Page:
Wednesday, June 30, 2010

Treatment of early deafness possible in animal models by drugs

Treatment of early deafness has proven possible in rat model by drugs.

This is indeed good news for future sudden hearing loss cases (happened to me in Jan 2009) :

Tuesday, June 29, 2010

Drug Delivery Device Could Restore Hearing

The good gentleman Mr Microbiology has again posted some really excellent materials and info on the RNID website (google it and you will find the site). For sharing with readers :


Drug Delivery Device Could Restore Hearing
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external link, opens new browser window
Mr Microbiology 22 Jun 2010 01:07

Thanks for the info.

I am pretty sure GenVec, Norvatis, Heller and Rivolta are watching closely, as it should be.

Cheer cheer cheers
wongtanlim3 at 22 Jun 2010 01:36

Yes ,there will be a few researchers looking at the above technology as a method to deliver regenerative medicines to the inner ear.
Unfortunitely in respect to Genvec they are having problems with company stock & finances.
They still have viable hearing regeneration research but if the company has to sell up this could slow the progression of thier research.
Nevermind ,there are plenty of other research centres / scientists exploring the potential of gene therapy as well.


Mr Microbiology 24 Jun 2010 00:54


Ask an Expert... (external link, opens new browser window)
26 Jun 2010 18:26


Mr Microbiology and wongtanlim3,

Have you guys been or seen this site on Tinnitus before?;top-active (external link, opens new browser window)

The idea of the stimulation therapy is that it calms down that hyperactivity and so reduces the tinnitus. The device uses repetitive transcranial magnetic stimulation (rTMS), which involves repeated magnetic stimuli to the skull to induce electrical activity in the underlying areas of the brain. Lowfrequency stimulation, once a second, has been shown to induce small, sustained reductions in activity in the part of the brain being stimulated.

Several hundred tinnitus sufferers have already been treated with the technology, either through trials or on compassionate grounds. Results from the biggest study so far, of about 200 people, show that placing the device over the left temporal cortex reduced their tinnitus. All the patients had lowfrequency stimulation - 2,000 stimuli a day - for ten days.

In one trial, involving researchers from the University of Regensburg in Germany, placebo stimulation was carried out with a sham coil system that mimicked the sound of active stimulation, without producing a magnetic field. In a second trial, also involving the University of Sao Paulo, Brazil, 20 patients received either active or placebo stimulation over the same areas of the brain for five consecutive days.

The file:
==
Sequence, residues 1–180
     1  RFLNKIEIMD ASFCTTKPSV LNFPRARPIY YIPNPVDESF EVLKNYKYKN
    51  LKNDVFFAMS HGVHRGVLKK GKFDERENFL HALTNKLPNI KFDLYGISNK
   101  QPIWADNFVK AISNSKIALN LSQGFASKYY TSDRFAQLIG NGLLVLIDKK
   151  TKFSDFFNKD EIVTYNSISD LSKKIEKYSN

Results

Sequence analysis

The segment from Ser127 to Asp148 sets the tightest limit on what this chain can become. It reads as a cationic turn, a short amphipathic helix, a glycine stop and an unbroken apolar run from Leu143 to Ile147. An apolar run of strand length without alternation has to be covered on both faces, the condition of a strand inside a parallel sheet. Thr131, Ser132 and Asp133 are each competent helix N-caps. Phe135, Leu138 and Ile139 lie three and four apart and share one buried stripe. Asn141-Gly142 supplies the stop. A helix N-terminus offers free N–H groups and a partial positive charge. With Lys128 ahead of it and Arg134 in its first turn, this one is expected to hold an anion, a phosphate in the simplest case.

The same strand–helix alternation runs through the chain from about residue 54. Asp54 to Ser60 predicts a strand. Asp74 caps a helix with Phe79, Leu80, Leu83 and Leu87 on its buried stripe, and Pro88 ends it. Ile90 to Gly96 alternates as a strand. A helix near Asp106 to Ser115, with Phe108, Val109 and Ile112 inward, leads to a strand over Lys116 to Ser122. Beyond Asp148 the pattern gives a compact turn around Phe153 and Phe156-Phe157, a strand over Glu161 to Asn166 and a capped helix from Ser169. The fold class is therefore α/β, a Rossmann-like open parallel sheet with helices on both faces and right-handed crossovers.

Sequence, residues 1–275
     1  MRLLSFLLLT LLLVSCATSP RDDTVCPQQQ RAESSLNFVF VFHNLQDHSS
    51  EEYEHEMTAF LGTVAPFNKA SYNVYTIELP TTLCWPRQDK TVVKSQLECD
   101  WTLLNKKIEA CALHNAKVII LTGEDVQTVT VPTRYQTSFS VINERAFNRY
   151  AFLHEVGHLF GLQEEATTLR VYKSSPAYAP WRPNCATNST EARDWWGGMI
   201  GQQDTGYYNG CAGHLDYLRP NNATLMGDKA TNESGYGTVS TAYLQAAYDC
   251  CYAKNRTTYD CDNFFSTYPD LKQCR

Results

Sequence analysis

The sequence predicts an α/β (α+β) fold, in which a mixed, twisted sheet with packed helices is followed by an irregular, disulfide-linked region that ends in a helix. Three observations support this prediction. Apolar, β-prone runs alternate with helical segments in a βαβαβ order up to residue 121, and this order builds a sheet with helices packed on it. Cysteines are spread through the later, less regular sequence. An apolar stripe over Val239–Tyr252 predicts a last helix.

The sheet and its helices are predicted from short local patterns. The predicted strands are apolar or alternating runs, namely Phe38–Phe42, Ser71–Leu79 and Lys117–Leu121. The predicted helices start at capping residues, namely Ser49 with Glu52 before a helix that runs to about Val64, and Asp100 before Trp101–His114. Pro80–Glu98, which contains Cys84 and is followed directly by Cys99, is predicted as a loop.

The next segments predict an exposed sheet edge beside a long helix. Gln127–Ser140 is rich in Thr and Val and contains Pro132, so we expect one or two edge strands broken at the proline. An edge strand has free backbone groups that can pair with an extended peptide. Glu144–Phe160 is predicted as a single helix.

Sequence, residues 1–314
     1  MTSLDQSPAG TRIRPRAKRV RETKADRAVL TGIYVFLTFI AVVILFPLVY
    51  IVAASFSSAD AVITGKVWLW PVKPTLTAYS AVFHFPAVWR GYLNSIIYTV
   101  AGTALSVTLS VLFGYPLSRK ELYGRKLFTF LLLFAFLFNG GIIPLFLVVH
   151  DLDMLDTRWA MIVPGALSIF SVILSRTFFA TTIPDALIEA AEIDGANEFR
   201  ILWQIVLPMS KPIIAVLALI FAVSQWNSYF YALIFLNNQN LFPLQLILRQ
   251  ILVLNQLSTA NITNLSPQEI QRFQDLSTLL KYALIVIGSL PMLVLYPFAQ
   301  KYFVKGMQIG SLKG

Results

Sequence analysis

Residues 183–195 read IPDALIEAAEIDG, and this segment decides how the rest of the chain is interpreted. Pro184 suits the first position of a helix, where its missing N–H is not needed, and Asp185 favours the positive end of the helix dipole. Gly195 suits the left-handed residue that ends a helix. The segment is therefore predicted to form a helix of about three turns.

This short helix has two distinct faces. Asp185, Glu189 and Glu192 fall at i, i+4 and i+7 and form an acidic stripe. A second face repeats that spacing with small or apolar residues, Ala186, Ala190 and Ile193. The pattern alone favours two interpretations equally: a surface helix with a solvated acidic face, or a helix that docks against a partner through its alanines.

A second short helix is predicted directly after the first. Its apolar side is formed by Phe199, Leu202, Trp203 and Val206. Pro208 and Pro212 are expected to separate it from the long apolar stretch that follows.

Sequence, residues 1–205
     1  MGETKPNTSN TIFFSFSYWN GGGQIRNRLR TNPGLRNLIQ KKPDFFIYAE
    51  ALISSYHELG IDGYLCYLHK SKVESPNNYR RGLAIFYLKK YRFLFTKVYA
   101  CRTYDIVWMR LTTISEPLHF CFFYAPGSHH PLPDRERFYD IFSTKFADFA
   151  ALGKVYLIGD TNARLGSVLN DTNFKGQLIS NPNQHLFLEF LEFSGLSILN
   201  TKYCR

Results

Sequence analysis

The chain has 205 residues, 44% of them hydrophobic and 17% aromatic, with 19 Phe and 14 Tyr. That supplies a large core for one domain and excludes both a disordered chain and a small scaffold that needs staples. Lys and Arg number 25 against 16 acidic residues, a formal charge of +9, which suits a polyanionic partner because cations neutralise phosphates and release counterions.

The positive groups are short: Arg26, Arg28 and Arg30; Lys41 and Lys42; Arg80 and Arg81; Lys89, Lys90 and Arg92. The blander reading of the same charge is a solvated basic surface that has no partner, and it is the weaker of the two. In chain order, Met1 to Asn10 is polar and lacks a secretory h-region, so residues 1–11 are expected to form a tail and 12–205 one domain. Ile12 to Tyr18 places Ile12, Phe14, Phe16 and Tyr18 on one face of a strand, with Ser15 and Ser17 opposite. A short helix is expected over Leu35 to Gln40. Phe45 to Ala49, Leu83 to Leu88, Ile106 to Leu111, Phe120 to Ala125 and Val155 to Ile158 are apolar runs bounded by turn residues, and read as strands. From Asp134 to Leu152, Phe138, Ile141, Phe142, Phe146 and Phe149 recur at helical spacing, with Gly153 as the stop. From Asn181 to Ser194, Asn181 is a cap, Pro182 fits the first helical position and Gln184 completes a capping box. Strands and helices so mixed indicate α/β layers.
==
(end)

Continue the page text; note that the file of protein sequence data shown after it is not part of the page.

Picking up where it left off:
Symptoms went down significantly in those who had the active treatment and remained at a low level six months later.

'The findings highlight the need for more research into the various types of tinnitus in order to develop the best cures and treatments for sufferers.'

Patients are now being recruited for seven clinical trials in America and Germany looking at rTMS and tinnitus.
end quote

What do you think, sounds very promising. Seems like they are doing more research before commercializing the device. That's gonna take a long long time.
vandal 28 Jun 2010 02:04

Hi Vandal ,

The internet link I posted earlier today , (external link, opens new browser window)
has a bit about rTMS on page 28 of 76 of the pdf file.

Go to , (external link, opens new browser window)
and type in tinnitus in the search box.
You will see the area ;
" Results from other databases "
Clink on the area that says ,
Show results from other databases.
Many of the latest tinnitus trials will be shown including the rTMS trials at the moment.
You can get more info by clicking on any one.

Some studies have shown good results from rTMS and others have not.
It is still a grey area that needs to be fine tuned but the conceipt remains promising.
I read about a patient in America who had severe tinnitus and his life begun falling apart around him.
His wife and family were suffering from him becoming an alcoholic which he found gave him relief.
He eventually was accepted on compassionate grounds to have surgery to implant electrodes under the scull which worked on electro stimulation of the tinnitus affected side of the brain.
It was successful in and his tinnitus was deeply reduced if not cured.
He no longer drinks and is very happy with the results.
He has a pacemaker like device (generator) that connects to the implanted electrodes.
It is similar but different to rTMS but is another promising avenue in tinnitus treatment.
There is a bit about this similar therapy here , (external link, opens new browser window)

Cheers & Best Regards.
Mr Microbiology 28 Jun 2010 05:39

Mr Microbiology, thank you for the web site.

The one I have posted is not an implant but still it's a good option for those who doesn't like implants.
vandal 28 Jun 2010 07:17

Hi vandal ,

Repetitive transcranial magnetic stimulation I know is not an implant but it is similar in the way it works to the implanted electrodes.
The theory of rTMS is that it blocks or reduces spontanious firing of overactive neurons in tinnitus.
rTMS works on a low frequency magnetic field being apllied to the brain via an external electromagnet for a period of time.
Electrode implants work on disrupting the spontanious activity of neuron clusters with electrical stimulation but are usually a permanent fixture.

Best Regards.